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The Client

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					The Client

 Chapter 5
              The Whole Person
• Looking at the person as a whole we have to include
  the following: psychological, biological, cultural, social,
  financial, educational, vocational, and spiritual
  components, along with life experiences such as family,
  friends, health, school, work , legal status, residence,
  safety and security, finances, play, well-being, and
  accomplishments.
• Because a whole person consists of a combination of
  the above we must be aware that this person may have
  needs in many of these areas of life.
Perceptions of the Client Problems
• Defining the problem:
  – Problems in living: 1) the problem is described as a
    situation, event or condition that is troublesome to
    the client. 2) The problem is identified and discussed,
    solutions are formulated and implemented, and the
    results are evaluated.
  – The client can lack the skills and resources to solve
    these problems or the client and helper may disagree
    about the client’s situation.
  – Just because a client knows there is a problem they do
    not always seek help.
     Perceptions of the Client Problems
 Understanding Client Problems
   It is because individuals have unmet needs that they come in
    contact with the human service delivery system.
   Models to address 4 types of problems
      A Developmental Perspective-experts suggest that human
       development is a continuous process and that there are certain
       phases and stages that individuals experience during the life span.
       Erikson and his 8 stages of development. Pg 132 and 133
      Developmental theorist view life as a process from birth until death,
       from the beginning to the end.
      In looking at development we have to take into account the person
       as a whole and how their home, family, community, culture, country,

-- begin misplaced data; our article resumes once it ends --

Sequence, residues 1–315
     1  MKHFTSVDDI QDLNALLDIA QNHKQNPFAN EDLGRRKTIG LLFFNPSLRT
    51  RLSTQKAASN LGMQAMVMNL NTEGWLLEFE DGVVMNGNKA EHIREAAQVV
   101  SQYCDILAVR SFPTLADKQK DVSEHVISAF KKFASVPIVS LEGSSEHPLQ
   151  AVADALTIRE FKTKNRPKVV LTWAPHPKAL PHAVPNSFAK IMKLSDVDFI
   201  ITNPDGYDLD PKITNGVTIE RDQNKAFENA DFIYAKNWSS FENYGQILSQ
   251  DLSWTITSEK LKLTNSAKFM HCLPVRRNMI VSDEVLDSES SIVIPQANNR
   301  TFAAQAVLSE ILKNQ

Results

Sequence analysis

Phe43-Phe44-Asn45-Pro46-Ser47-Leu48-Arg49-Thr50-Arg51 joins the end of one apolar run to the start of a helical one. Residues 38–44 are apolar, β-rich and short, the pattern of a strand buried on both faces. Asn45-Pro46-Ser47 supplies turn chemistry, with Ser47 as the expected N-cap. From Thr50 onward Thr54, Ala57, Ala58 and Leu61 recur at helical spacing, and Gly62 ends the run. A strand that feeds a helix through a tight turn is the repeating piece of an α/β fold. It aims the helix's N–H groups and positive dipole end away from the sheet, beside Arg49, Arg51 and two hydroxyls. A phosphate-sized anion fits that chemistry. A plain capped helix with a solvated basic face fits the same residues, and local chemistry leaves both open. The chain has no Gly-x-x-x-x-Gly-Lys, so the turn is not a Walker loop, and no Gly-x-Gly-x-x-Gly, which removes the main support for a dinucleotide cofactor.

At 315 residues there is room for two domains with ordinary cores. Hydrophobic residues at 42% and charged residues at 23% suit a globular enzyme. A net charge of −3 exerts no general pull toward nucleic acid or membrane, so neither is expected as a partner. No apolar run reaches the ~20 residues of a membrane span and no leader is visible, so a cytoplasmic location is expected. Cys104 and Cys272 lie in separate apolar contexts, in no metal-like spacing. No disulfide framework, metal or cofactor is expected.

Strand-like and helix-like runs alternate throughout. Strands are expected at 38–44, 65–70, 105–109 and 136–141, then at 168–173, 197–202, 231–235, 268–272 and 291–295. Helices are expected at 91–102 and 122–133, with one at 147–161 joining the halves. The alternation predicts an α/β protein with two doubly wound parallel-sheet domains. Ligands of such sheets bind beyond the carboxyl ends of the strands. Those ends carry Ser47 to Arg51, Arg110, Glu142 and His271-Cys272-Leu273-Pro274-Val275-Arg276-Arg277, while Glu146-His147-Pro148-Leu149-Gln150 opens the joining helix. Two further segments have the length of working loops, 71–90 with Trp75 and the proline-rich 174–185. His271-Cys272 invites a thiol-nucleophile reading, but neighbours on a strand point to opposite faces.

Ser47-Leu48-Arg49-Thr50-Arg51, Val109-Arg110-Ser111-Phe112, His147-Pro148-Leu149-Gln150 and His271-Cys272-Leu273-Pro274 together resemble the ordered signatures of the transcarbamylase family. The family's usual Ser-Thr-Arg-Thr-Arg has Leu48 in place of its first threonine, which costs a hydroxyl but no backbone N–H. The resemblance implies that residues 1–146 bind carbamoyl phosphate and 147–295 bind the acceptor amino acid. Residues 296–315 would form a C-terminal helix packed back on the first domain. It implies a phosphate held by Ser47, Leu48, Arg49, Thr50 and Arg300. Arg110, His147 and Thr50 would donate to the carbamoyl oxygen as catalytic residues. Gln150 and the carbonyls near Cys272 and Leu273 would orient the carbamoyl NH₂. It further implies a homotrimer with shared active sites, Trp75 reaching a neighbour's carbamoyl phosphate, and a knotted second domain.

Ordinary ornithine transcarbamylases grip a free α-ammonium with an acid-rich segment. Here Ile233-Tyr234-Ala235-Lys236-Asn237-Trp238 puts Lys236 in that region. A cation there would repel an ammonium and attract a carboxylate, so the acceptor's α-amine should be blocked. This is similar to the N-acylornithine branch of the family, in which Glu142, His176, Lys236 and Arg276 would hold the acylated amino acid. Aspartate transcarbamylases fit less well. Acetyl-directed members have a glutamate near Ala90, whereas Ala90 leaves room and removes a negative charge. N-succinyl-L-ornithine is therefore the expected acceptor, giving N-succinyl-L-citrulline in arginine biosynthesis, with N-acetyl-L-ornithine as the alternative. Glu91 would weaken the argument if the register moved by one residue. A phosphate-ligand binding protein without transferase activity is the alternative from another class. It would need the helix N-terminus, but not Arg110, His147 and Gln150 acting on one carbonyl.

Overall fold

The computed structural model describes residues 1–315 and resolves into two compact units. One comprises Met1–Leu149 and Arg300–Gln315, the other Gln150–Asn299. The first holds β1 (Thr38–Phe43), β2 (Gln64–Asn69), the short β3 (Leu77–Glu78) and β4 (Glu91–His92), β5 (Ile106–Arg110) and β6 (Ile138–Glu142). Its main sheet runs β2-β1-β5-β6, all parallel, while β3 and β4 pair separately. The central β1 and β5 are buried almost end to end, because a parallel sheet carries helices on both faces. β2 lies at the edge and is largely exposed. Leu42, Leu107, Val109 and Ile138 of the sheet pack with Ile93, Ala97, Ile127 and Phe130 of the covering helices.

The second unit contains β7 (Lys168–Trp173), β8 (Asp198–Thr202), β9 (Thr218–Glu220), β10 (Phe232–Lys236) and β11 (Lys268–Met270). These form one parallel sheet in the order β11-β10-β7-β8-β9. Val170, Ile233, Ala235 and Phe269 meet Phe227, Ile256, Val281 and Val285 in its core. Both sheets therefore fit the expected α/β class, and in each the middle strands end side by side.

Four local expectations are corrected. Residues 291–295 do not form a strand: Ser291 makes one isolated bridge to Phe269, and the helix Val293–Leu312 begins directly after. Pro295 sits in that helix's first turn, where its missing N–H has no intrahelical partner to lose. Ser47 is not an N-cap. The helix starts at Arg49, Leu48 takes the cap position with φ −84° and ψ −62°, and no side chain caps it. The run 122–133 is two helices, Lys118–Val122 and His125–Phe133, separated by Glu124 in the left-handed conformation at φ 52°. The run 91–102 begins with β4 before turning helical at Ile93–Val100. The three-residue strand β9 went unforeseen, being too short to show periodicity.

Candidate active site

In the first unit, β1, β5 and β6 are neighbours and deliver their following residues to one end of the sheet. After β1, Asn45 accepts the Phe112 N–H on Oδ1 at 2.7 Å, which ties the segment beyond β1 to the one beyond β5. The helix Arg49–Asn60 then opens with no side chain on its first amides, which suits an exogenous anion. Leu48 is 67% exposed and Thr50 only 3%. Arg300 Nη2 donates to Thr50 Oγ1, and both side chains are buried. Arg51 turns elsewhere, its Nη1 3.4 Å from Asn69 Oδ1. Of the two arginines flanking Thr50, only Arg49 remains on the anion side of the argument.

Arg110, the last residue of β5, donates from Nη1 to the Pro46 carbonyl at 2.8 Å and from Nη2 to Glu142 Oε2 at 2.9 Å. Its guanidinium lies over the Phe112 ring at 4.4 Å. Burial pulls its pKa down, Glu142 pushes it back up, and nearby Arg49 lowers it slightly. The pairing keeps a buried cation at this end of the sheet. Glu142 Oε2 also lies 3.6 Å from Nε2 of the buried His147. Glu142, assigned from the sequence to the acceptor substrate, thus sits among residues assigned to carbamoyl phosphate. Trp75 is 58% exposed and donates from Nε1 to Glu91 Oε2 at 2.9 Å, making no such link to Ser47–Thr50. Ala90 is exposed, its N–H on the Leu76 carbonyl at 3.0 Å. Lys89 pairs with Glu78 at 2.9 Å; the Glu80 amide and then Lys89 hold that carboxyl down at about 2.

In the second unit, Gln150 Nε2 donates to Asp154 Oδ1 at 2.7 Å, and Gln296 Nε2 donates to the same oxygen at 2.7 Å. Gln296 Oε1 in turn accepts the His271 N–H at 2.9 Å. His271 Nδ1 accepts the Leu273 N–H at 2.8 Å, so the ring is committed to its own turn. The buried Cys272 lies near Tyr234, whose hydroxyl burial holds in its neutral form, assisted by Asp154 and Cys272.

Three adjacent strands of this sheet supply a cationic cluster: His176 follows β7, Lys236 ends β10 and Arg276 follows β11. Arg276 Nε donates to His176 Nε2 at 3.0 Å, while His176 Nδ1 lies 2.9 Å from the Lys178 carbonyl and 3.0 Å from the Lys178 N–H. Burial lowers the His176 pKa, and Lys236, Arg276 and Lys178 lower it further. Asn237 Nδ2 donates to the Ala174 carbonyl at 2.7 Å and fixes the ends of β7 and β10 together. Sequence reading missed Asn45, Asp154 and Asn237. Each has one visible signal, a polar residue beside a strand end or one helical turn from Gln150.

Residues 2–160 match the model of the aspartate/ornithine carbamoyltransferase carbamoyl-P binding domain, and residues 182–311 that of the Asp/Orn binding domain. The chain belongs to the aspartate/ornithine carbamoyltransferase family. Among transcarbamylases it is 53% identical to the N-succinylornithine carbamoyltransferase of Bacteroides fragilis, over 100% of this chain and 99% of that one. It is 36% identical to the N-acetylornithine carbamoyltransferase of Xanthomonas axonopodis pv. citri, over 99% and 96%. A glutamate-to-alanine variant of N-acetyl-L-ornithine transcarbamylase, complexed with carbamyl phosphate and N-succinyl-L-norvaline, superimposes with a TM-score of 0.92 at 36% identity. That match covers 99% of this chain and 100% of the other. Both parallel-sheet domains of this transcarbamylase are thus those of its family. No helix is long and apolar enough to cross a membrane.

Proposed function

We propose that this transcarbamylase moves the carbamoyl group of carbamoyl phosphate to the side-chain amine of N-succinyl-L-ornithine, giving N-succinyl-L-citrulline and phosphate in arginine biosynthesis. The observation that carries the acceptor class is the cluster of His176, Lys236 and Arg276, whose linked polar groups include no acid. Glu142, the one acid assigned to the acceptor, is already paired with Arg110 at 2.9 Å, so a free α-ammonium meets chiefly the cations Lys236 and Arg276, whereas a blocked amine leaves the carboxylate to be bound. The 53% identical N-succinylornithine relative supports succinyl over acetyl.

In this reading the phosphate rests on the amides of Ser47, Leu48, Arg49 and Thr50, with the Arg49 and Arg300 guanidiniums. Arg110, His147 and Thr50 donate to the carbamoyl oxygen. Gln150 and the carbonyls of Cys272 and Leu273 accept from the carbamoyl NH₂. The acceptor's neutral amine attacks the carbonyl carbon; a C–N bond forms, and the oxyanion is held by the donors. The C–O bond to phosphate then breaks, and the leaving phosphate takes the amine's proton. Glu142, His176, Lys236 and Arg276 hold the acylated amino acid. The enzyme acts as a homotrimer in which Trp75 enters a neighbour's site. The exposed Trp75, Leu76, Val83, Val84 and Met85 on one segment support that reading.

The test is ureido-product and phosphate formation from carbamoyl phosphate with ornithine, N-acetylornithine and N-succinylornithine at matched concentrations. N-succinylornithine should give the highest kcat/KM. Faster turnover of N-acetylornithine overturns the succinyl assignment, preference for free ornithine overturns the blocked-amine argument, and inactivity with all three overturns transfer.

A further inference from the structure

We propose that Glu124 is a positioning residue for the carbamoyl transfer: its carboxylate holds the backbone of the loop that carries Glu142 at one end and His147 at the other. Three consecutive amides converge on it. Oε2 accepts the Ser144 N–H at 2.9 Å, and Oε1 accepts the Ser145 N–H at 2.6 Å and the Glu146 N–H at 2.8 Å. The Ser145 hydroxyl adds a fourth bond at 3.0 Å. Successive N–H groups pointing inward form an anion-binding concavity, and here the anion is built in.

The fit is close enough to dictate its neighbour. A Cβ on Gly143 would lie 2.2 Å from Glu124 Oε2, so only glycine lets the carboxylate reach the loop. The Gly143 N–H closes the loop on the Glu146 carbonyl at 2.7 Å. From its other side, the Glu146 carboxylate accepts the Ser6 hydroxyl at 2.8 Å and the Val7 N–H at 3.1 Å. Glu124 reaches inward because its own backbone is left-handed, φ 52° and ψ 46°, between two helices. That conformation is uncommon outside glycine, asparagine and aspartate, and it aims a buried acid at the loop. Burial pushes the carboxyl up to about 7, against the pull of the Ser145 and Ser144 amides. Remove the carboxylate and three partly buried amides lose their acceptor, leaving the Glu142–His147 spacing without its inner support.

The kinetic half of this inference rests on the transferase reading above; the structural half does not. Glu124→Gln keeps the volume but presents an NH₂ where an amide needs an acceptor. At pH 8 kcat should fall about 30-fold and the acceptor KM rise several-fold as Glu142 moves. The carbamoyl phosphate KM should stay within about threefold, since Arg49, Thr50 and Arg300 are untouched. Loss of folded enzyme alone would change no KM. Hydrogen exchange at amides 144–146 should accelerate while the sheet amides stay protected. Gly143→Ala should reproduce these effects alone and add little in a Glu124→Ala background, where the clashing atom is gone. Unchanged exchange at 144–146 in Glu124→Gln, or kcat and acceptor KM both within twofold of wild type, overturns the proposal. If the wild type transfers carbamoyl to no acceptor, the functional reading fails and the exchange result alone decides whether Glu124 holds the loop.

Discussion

a persons traits, wishes and values, and childhood experiences can
       influence the way a person moves through the developmental
       stages.
      How a person experiences each stage can effect how they
       experience the next stage.
      Keep in mind that as time changes the traditional stages of
       development are changing.
  Perceptions of the Client Problems
 Situational Perspective
   Problems resulting from accidents, violent crimes, natural
    disasters, and major changes in life.
   These problems usually occur because the individual is in a
    particular place at a particular time.
   These problems can lead to short term, long term difficulties or
    both.
   Individuals experiencing situation problems are sometimes
    viewed incorrectly as victims. The client needs to move to
    taking responsibility for personal actions and thoughts.
   Problems also include the unreported violence that occurs
    behind closed doors, work places, and institutions and the
    nonphysical assaults that go unreported.
   Differences in behaviors, customs and traditions that are
    cultural often cause situational problems for people.
   Another situation that can cause problems is unemployment.
  Perceptions of the Client Problems
• Meeting Human Needs
  – Another way at looking at human problems is
    identifying basic needs and which ones are and
    are not being met.
  – Maslow’s Hierarchy of Needs pg 137 and 138
  – Primary Consideration in the case of child abuse
    and neglect.
  – The debate continues as to whether foster care or
    family reunification is the best approach to
    meeting children’s needs.
   Perceptions of the Client Problems
 Social Change and its Effects
   Human also experience problems due to rapid social
    change, the breakdown of many traditional forms of
    society, and conflicts between old and new values.
 Homeless:
   Few people choose to be homeless and may end up
    homeless for a variety of reasons including loss of job,
    women escaping domestic violence, or alcohol or drug
    abusers.
   Technological society in which we live has eliminated many
    unskilled and semiskilled jobs; downsizing, the closing of
    factories and the outsourcing the production of goods to
    countries with cheaper labor have been the direct cause of
    job loss.
   Divorce and the death of a spouse have forced families or
    individuals to adapt to a lower level of survival.
    Perceptions of the Client Problems
 Environmental Issues
   Understanding the environment in which an individual
    exists is another helpful way to understand them.
   One environmental influence could include specific
    locations in which a client lives, friends and family that